We're on the Pequod

Life on the Pequod


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Apr 16Liked by Patrick Mazza

Thank you Patrick....it looks like we are not going to turn it around. Unless somehow we could grab the wheel and shut down the fossil fuel industry. Would that work..? I wonder?

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...thank you for your thoughtfulness...

I am also concerned that the "captains" seem more interested in spending their wealth on war rather than taking care of people or, critically, on making sure the large chunks in the broken up meteor belt that the earth passes through twice a year are removed...we have the technology to do this.

If a meteor could wipe out the dinos, how is it that we think we are immune?

It's as if, as a race (humans), we are collectively as immature as young people convinced they are invincible and will live forever.

Meanwhile, as Mary Oliver says, "the world goes on;" her poem "Wild Geese" continues to sustain me.

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Evolution endowed humans with emotions, i.e. with a biological system within our brains, which enabled us to assess (usually accurately) danger on the one hand and opportunity on the other. Those who made the wrong assessment were removed from the human gene pool. Those who correctly assessed it passed on their more finely honed observations and reactions. However, innate human emotions, as effective as they are for natural risks, were not endowed with the capacity to understand or predict the consequences of human-created entities, i.e. technology and complex social arrangements. Only science and the Enlightenment were able to provide us, via language, books and evidence, with the potential adverse effects of non=nature. That is our dilemma today: we have scientific data and evidence analyzing the consequences of our behavior, our society and the technologies we rely on. It is these, not emotions or experience, that tell us

what we are doing right or wrong. The absence of an evolutionary internal signal telling us we are nearing the precipice leaves humans open to ideology, lies, myths, fiction and just bad judgment.

Even in ancient times, myths were artistic attempts to warn us about possible negative consequences, such as those of incest or other aberrant behavior. Now we have science to provide

explanations for how things work but this is insufficient to overcome the embedded irrationality of humans, which education and knowledge have NOT erased or even mitigated. The Prometheus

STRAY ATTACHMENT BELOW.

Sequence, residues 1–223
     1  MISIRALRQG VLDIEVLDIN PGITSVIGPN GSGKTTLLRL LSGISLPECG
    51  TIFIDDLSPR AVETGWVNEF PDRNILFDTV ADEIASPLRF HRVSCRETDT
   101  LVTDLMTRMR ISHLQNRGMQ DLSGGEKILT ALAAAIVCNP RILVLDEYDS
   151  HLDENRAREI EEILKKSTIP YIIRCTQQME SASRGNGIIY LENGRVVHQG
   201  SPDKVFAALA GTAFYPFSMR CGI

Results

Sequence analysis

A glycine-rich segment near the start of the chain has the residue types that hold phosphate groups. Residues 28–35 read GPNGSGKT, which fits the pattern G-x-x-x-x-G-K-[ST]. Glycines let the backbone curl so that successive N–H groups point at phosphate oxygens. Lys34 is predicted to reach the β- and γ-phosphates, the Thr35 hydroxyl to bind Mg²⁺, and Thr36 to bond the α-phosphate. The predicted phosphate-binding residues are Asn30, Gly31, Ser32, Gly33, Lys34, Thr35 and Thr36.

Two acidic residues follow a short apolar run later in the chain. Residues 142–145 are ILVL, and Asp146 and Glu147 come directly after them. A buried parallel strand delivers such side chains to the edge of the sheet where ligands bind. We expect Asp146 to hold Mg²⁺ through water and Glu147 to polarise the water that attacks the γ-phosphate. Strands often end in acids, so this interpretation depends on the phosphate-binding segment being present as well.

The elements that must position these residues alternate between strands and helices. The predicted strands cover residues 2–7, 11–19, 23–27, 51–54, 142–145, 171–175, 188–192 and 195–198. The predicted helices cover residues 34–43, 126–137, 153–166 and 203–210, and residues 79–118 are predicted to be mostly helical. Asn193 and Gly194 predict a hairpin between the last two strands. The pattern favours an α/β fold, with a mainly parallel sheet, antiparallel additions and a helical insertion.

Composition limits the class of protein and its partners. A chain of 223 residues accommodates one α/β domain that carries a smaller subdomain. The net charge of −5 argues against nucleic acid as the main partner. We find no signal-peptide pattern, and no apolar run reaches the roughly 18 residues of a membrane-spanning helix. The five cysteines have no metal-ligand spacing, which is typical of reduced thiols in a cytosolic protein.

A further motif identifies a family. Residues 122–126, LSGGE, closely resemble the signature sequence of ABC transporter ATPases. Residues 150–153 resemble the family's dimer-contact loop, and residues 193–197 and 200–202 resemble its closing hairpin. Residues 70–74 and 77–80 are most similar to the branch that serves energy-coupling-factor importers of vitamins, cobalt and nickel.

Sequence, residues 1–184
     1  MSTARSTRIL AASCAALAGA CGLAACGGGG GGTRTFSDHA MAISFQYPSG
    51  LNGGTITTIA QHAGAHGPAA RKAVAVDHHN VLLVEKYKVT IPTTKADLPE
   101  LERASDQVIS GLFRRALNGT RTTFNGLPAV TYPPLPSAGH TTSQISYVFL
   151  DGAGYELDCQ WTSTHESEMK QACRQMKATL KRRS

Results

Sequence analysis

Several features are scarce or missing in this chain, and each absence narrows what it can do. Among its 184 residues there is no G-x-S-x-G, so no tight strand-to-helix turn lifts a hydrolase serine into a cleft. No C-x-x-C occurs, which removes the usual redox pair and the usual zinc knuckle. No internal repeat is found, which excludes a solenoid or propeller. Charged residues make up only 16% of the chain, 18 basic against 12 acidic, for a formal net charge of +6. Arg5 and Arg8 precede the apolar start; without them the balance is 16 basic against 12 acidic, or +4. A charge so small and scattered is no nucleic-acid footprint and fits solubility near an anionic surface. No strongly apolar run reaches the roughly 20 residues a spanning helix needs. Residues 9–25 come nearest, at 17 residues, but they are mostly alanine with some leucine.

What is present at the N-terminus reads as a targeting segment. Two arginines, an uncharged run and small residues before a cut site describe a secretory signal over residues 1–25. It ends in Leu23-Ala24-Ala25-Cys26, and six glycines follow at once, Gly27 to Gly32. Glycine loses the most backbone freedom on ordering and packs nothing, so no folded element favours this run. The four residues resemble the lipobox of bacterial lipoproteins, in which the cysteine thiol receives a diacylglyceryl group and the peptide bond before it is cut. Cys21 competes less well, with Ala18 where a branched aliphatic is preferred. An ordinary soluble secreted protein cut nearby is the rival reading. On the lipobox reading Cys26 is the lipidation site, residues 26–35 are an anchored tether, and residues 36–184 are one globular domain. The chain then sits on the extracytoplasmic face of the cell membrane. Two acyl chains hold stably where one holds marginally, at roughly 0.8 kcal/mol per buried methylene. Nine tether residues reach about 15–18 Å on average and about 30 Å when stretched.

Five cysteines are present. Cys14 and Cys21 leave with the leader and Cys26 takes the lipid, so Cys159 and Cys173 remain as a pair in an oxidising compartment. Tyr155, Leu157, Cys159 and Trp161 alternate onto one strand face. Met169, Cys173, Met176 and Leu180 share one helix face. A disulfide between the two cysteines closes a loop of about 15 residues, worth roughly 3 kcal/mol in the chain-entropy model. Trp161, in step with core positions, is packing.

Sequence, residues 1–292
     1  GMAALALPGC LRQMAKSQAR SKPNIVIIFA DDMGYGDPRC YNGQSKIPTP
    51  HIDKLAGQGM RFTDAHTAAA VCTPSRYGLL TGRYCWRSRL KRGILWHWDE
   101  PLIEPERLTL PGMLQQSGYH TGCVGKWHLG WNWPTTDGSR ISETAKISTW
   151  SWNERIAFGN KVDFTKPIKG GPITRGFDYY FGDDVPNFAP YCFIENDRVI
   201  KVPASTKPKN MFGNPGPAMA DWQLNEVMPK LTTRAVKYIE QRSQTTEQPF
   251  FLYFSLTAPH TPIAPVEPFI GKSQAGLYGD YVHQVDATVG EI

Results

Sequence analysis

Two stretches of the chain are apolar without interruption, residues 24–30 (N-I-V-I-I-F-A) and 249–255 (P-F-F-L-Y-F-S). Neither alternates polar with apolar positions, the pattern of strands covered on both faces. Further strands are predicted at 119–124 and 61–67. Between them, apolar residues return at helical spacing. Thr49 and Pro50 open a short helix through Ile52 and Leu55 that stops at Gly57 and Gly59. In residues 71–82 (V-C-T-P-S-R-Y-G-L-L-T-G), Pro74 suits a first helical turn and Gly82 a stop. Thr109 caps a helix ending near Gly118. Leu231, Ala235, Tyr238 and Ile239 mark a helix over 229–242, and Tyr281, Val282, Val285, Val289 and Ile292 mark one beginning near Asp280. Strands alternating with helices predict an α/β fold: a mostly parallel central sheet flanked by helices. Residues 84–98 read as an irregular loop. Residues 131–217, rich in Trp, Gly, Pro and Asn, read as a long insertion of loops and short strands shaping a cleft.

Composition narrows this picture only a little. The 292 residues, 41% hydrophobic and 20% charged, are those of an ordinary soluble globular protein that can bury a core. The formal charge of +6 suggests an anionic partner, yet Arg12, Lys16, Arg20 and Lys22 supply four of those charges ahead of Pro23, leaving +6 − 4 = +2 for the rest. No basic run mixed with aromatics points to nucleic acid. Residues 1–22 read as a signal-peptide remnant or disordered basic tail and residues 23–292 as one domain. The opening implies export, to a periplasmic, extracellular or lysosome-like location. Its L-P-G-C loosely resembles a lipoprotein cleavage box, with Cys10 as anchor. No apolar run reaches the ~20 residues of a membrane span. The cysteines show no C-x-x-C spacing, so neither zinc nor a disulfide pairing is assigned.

myth tried to address this by warning of overreach and arrogance. Even the ancient Greeks knew that there were limits, though punishment was not climate change but something smaller and more localized. How to "privilege" knowledge, intellect and scientific evidence over innate irrationality and constructed ideologies was and is the biggest challenge. So far most humans, at least governments, have not only failed to do this but actively RESIST it. Anti intellectualism has triumphed in social governance and society large. As long as it prevails it is clear that our planet

has a very short future, or at least human civilization. No evidence exists to indicate the contrary.

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Thanks for articulating this difference. However, in apprenticeship there can be authoritarianism in order to enforce discipline and focus on the important details instead of being distracted or casual.

Think of medieval apprenticeships. Then think of the modern classroom, where discipline and focus are needed continually. People will accept this kind of discipline because most of them recognize its benefits and respect the teacher. But when leaders start making important decisions or policies based on their own ideology and ignore their constituency (i.e. elected officials), that's when trouble arises, in the lack of accountability or even defiance of public wishes. We readily delegate power to those we trust and who honestly represents. if they don't, we don't re elect them. Or the leader loses authority and status. As a music lover I point to Wagner's opera Die Meistersinger, with the respected disciplined Hans Sachs and the meistersinger organization that

is empowered to judge artistic merit. Sachs must have been a formidable character (he really existed), one of the most highly regarded in his profession as well as his wisdom. Despite the mindless hate of Wagner, this opera made the point that tradition and training are crucial in any endeavor but innovation must not be smothered. Unfortunately the focus on traditional art and culture in this opera has led many people to consider the opera as some kind of preHitler

authoritarian culture. They need to listen more closely to the music.

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Let us hope that we'll figure out a new way, a way in which there is not a hierarchy with "captains" at the helm. I have lost all faith in such hierarchy as a mode of organizing human affairs.

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In my view, when climate denialism is no longer a big problem, economic modelling that undermine the severity of climate change seem to be a major problem. I’ve translated a piece from a debate in Norway, following an author’s petition to the Norwegian government to stop exploring for new oil and gas, signed by 159 Norwegian authors, including among others Karl Ove Knausgård and me.


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